What's new in assay technology?

The latest assay technologies are designed for speed, reliability and accuracy. Sean Ottewell highlights the best new entrants to the market.

Labcyte, the developer of acoustic liquid handling, and QIAGEN, a leading global provider of sample and assay technologies, have announced that QIAGEN FlexiPlate siRNA reagent libraries are now available in Labcyte Echo qualified microplates. These microplates enable researchers to use the Echo liquid handler to miniaturise the transfer of small interfering RNA (siRNA) reagents.

The Echo liquid handler uses acoustic energy to move fluids without physical contact or the possibility of cross-contamination. There are no pipette tips, pin tools or nozzles involved, which provides unsurpassed precision and accuracy while reducing volume.

The advantages afforded by the Echo liquid handler include applications in drug discovery, cell-based analyses, sample management, and assay miniaturisation.

"Our Echo platforms have revolutionised liquid handling," said Mark Fischer-Colbrie, ceo and president of Labcyte. "Researchers can now transfer significantly smaller volumes while maintaining excellence in precision and accuracy. The reduction in assay volumes and elimination of disposable tips dramatically reduces cost. Data show that siRNA screening at reduced volume is superior or equal to results obtained with traditional liquid handlers."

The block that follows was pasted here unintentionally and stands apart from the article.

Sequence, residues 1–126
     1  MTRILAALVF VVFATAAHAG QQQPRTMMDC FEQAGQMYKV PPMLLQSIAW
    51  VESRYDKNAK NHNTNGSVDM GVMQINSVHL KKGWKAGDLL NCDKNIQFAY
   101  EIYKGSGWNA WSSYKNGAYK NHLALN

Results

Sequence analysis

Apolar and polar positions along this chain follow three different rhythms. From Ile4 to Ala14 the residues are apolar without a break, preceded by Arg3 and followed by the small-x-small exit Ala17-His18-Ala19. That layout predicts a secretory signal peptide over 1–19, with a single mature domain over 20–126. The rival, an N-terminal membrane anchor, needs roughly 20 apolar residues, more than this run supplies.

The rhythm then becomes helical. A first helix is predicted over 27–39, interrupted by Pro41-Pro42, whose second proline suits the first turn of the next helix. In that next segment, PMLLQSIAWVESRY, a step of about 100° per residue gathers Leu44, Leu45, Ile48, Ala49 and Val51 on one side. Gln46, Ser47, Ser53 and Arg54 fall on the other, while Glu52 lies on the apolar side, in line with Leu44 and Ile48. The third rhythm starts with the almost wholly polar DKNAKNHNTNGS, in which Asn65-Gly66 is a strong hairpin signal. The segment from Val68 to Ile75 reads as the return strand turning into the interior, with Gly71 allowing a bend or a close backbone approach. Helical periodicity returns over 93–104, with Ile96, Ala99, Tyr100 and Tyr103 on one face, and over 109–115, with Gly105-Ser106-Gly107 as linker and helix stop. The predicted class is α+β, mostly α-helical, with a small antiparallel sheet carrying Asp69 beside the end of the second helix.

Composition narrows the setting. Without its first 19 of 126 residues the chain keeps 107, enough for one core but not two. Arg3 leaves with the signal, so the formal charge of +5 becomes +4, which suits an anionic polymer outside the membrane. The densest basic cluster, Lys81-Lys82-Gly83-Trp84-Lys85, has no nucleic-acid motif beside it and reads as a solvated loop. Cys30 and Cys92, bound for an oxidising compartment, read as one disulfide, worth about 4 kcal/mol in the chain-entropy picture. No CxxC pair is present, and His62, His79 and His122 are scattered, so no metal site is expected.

"As the first provider to offer flexible and targeted siRNA sets worldwide, QIAGEN is pleased that we have the opportunity to combine our FlexiPlate siRNA concept with Labcyte Echo qualified plates, which minimises volumes and reduces the risk of contamination during reagent transfer," says Jörg Dennig, global product manager RNAi at QIAGEN. "Our siRNAs are provided in highly flexible formats and scales with an unlimited possibility to arrange targeted siRNA libraries according to the researchers' needs, and with easy access via our GeneGlobe website."

"Providing siRNA libraries in acoustically compatible microplates makes it much easier to consider high-throughput, miniaturised siRNA screening," said Anthony Davies of the Institute of Molecular Medicine, Dublin University, Ireland.